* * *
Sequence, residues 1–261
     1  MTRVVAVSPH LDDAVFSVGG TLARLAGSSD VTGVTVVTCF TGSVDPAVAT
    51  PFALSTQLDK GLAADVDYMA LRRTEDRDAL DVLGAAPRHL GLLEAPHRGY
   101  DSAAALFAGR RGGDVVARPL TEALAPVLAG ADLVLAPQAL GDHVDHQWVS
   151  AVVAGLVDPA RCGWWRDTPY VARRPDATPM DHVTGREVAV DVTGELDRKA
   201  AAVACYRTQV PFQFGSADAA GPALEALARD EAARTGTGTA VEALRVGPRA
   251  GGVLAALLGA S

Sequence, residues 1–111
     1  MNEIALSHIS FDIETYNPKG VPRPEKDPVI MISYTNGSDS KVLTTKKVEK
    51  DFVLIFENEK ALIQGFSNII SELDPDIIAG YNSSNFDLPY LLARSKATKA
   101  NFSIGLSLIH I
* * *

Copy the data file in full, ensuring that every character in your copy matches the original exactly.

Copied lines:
Sequence, residues 1–261
     1  MTRVVAVSPH LDDAVFSVGG TLARLAGSSD VTGVTVVTCF TGSVDPAVAT
    51  PFALSTQLDK GLAADVDYMA LRRTEDRDAL DVLGAAPRHL GLLEAPHRGY
   101  DSAAALFAGR RGGDVVARPL TEALAPVLAG ADLVLAPQAL GDHVDHQWVS
   151  AVVAGLVDPA RCGWWRDTPY VARRPDATPM DHVTGREVAV DVTGELDRKA
   201  AAVACYRTQV PFQFGSADAA GPALEALARD EAARTGTGTA VEALRVGPRA
   251  GGVLAALLGA S

Sequence, residues 1–111
     1  MNEIALSHIS FDIETYNPKG VPRPEKDPVI MISYTNGSDS KVLTTKKVEK
    51  DFVLIFENEK ALIQGFSNII SELDPDIIAG YNSSNFDLPY LLARSKATKA
   101  NFSIGLSLIH I